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Cunliffe: Keynote Speech to KANZ Broadband Summit


Hon David Cunliffe
Minister for Communications and Information Technology

19 June 2008 Speech Notes

Keynote Speech to KANZ Broadband Summit


Anjo Hasayo, bam gap sum ni da

I would like to recognise the Hon See Joong Choi, Chair, Korean Communications Commission, and Hon Senator the Hon Stephen Conroy, Minister Department of Broadcasting, Communications and the Digital Economy, and distinguished guests.

I would like to thank our Korean hosts for the amazing success of the OECD Ministerial Summit. I would like to acknowledge the leadership of Korea with regard to the fine effort in organising the meeting. I note the importance of the conclusion of the summit in respect of Convergence, Creativity and Confidence. Its busy agenda has covered both the further deployment of fast broadband and, even more importantly the new and expanded range of commercial, social and environmental applications.

I want to recognise the vision of the Australian government in renaming the Department of Communications to Broadband Communications and the Digital Economy, and the broad and determined new ICT agenda this change represents.

This is the third KANZ meeting that New Zealand has attended, and the second that I have had the pleasure of attending. It is a particular pleasure to recognise the useful outcomes from these meetings. They have been of immense value in informing policy decisions taken in the last two to three years in New Zealand. Spin-offs for industry from these meetings and other bilateral agreements with both our KANZ partners are also proving to be of immense value to New Zealand.

There are a number of items I want to cover but I will begin by responding to the question posed by our hosts in organising this meeting:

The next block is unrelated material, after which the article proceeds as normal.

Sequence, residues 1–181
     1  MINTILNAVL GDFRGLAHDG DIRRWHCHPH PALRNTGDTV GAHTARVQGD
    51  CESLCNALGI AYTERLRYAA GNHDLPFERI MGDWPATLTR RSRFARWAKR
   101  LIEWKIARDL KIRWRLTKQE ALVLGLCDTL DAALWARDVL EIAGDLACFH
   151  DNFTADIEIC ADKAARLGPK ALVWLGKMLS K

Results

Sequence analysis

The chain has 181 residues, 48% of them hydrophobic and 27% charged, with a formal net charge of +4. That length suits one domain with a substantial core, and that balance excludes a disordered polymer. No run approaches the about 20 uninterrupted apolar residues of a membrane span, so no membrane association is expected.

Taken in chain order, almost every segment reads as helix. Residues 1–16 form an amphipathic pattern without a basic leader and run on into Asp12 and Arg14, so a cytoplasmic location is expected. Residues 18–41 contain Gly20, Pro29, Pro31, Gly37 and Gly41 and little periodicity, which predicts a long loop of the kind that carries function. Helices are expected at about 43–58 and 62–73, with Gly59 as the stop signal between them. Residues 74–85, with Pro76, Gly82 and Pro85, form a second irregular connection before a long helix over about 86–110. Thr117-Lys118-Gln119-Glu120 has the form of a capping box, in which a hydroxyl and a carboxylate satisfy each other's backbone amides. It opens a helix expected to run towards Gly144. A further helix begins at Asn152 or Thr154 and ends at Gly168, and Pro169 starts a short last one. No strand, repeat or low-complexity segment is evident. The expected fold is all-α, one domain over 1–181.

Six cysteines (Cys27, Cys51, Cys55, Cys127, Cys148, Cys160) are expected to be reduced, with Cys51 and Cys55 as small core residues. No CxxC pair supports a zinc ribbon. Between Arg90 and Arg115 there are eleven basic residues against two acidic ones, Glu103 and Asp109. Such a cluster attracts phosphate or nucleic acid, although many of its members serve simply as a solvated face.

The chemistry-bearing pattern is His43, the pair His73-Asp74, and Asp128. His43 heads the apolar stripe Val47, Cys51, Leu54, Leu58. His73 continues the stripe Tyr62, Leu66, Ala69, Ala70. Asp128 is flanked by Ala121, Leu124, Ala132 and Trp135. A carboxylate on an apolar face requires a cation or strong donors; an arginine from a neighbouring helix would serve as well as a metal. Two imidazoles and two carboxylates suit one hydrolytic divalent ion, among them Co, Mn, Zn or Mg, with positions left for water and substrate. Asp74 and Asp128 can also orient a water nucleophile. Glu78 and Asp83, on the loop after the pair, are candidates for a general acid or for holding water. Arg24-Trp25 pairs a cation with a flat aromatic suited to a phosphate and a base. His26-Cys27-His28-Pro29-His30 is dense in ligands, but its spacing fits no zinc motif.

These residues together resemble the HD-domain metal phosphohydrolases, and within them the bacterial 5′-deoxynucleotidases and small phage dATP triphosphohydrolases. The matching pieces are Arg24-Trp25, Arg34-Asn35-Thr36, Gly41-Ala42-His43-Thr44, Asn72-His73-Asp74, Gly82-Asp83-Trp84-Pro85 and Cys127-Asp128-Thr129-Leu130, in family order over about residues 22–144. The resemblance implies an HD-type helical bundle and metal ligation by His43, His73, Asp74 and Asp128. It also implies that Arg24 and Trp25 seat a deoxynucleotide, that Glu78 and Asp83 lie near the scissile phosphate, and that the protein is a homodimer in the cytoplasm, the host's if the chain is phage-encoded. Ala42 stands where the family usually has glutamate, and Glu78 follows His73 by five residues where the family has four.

“promoting the wide availability and take up of broadband to promote the use of the Internet for advancing sustainable economic development, social cohesion and cultural identity.”

The last three years in New Zealand have seen revolutionary change in the telecommunications regulatory environment. We believe that we have learned some useful lessons from this experience which I would like to share with you.

The Road Travelled

Broadband is, as we have heard, an essential international and domestic economic and social issue in all our countries. In this context it may be useful for me to outline some of the recent history of ICT policy in New Zealand.

In response to a poorly performing telecommunications sector, and recognising the critical importance of ICT to New Zealand, the incoming Labour-led government made a commitment to improve service performance and affordability. We passed pro-competitive telecommunications legislation on 2001 but by 2005 it was clear that the pace of change was not meet our expectations.

In 2005 the ground-breaking Digital Strategy was released, clearly signalling the government’s commitment to ensuring all New Zealanders are well serviced with world class ICT and have the capability to make best use of it. We established a goal of reaching the top half of the OECD for broadband performance, and aim to reach the top quartile by 2015.

The Strategy stated that user capability and confidence, and digital content are as important to realising the socio-economic benefits of ICT as the connections themselves. It also identified three key agents of change – communities, businesses and government, for responding to the challenges and opportunities of a rapidly-changing digital environment.

However, it was evident that the existing regulatory processes were not delivering at the rate required to successfully implement the Strategy. Investment and performance levels were "static" at best. New Zealand languished in the bottom third of the OECD for broadband uptake and investment. New Zealanders demanded change.

These shortcomings were the subject of the 2005/6 Telecommunications Stocktake review, from which we decided to: